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Designing energy solutions: a comparison of two participatory design approaches for service innovation

Taylor Jade Willmott (Adelaide Business School, The University of Adelaide, Adelaide, Australia)
Erin Hurley (Social Marketing @ Griffith, Griffith Business School, Griffith University, Brisbane, Australia)
Sharyn Rundle-Thiele (Social Marketing @ Griffith, Griffith Business School, Griffith University, Brisbane, Australia)

Journal of Service Theory and Practice

ISSN: 2055-6225

Article publication date: 17 March 2022

Issue publication date: 19 April 2022




Participatory design involves users and other key stakeholders in processes that aim to ensure solutions generated meet their needs. This paper compares the processes and outcomes of two participatory design approaches (design thinking and co-design) to examine their utility in co-creating innovative service solutions for reducing household energy demand.


Design thinking and co-design were implemented in two independent convenience samples of household energy users in Queensland, Australia. Workshops were conducted online using Zoom and Padlet technology. Informed by the capability-practice-ability (CPA) portfolio, a critical analysis based on the research team's experiences with implementing the two participatory design approaches is presented.


The key distinguishing features that set design thinking apart from co-design is extent of user involvement, solution diversity and resource requirements. With a shorter duration and less intensive user involvement, co-design offers a more resource efficient means of solution generation. In contrast, design thinking expands the solution space by allowing for human-centred problem framing and in so doing gives rise to greater diversity in solutions generated.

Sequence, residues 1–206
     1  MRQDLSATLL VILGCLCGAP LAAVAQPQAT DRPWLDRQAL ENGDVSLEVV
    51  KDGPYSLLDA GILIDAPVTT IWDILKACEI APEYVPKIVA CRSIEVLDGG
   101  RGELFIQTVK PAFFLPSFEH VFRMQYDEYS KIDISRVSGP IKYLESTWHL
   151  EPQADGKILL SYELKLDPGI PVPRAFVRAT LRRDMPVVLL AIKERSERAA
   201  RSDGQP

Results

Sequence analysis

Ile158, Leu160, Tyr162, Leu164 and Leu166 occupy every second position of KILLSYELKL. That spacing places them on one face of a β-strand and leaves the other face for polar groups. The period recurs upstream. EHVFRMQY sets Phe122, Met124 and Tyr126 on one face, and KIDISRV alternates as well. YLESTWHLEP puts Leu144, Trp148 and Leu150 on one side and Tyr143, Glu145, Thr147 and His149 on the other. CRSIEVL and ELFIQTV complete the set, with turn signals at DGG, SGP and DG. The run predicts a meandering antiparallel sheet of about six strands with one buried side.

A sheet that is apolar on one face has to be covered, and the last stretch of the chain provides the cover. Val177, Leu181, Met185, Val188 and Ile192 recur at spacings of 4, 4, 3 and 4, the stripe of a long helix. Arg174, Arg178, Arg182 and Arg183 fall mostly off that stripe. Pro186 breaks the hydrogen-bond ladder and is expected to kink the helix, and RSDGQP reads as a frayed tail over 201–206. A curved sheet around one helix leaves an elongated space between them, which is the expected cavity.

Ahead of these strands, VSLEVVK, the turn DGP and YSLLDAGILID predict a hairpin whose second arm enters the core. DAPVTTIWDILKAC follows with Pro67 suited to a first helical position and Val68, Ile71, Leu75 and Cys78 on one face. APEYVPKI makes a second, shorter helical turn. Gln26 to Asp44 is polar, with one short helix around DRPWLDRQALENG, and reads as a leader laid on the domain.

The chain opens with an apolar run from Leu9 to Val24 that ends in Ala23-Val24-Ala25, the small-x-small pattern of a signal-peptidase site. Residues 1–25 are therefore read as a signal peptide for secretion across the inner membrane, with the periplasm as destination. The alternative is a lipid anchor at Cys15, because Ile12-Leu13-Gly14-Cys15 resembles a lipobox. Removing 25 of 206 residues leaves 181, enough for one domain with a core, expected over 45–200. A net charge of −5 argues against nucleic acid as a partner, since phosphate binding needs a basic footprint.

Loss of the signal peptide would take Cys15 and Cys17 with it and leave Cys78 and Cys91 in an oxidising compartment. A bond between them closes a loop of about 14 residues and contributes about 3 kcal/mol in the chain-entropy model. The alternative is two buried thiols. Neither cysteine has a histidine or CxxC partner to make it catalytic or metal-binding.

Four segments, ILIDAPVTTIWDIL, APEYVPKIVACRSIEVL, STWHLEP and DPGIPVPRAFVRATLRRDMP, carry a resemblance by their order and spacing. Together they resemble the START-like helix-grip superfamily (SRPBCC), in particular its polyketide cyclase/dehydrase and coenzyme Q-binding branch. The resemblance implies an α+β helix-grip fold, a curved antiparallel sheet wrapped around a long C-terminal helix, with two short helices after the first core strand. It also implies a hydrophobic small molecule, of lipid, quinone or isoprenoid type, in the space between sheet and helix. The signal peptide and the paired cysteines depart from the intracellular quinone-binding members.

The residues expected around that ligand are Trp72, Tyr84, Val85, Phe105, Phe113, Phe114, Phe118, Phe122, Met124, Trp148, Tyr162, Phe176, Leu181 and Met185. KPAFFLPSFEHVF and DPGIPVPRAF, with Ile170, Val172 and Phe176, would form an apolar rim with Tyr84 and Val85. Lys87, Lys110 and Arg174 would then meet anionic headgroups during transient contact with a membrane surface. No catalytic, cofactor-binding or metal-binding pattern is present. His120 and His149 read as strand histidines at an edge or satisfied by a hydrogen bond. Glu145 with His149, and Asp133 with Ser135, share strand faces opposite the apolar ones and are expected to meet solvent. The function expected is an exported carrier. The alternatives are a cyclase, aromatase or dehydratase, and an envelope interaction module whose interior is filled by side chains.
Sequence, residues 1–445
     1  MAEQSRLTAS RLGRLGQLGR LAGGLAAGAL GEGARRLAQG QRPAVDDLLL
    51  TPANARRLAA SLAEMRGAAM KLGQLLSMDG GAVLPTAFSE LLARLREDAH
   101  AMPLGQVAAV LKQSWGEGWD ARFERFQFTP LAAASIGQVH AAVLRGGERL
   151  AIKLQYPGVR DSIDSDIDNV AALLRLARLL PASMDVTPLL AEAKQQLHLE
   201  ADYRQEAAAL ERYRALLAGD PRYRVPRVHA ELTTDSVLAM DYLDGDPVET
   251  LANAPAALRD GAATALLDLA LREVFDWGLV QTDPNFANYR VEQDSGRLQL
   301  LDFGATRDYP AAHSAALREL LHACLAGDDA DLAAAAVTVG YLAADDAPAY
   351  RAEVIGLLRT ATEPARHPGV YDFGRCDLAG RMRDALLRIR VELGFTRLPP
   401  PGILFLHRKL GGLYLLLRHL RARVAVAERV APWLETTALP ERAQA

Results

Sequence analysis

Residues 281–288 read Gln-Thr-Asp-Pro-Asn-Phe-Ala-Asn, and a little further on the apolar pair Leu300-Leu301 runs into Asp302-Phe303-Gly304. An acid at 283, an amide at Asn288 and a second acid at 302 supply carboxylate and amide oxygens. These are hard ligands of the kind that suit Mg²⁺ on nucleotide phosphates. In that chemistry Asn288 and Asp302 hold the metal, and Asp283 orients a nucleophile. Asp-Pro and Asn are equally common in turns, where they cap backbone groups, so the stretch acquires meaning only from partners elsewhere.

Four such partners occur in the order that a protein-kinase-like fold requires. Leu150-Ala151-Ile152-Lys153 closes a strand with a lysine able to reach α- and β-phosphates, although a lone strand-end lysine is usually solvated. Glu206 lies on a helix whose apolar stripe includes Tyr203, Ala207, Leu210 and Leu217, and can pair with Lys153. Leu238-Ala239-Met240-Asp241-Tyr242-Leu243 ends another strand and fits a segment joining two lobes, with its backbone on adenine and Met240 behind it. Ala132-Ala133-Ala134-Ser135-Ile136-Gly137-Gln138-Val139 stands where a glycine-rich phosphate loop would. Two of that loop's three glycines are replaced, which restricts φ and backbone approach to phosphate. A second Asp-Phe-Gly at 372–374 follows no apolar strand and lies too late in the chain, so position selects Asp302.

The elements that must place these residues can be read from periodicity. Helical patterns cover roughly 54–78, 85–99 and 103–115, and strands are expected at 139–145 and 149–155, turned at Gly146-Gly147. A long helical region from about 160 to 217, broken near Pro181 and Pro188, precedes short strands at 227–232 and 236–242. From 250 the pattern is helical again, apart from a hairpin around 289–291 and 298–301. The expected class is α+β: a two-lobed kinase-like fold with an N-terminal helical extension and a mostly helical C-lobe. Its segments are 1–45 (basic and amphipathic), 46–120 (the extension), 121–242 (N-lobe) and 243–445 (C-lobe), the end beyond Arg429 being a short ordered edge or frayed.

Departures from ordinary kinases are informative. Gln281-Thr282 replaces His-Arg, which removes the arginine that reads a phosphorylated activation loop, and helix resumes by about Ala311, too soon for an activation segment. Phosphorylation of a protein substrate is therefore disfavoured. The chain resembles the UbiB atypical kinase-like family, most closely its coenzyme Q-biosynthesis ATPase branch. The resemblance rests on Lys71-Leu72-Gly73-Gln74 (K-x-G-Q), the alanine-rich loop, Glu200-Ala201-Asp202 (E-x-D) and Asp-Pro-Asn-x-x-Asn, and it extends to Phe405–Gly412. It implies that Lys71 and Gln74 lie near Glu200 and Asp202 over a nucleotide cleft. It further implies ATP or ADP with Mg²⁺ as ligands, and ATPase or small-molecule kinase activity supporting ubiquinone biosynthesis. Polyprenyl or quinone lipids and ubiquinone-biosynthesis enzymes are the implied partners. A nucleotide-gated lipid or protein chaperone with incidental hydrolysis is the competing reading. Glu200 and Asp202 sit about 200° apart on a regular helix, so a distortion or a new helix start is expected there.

Research limitations/implications

Mapping the six constellations of service design outlined in the CPA portfolio to the research team's experiences implementing two different participatory design approaches within the same context reconciles theoretical understanding of how capabilities, practices and abilities may differ or converge in an applied setting.

Practical implications

Understanding the benefits and expected outcomes across the two participatory design approaches will guide practitioners and funding agencies in the selection of an appropriate method to achieve desired outcomes.


This paper compares two forms of participatory design (design thinking and co-design) for service innovation in the context of household energy demand offering theoretical and practical insights into the utility of each as categorised within the CPA portfolio.



The authors would like to acknowledge Griffith Business School and Social Marketing @ Griffith for their financial and in-kind support of this paper.

Research funding: The larger project from which this study originates partnered with a local energy provider (Energy Queensland) to better understand how customers are adapting to technological shifts. The authors confirm that no significant financial support was received for this study that could have influenced its outcomes. The funders played no role in the preparation of this manuscript, or in the decision to publish.

Conflict of interest: The authors confirm there are no known conflicts of interest associated with this work.


Willmott, T.J., Hurley, E. and Rundle-Thiele, S. (2022), "Designing energy solutions: a comparison of two participatory design approaches for service innovation", Journal of Service Theory and Practice, Vol. 32 No. 3, pp. 353-377.



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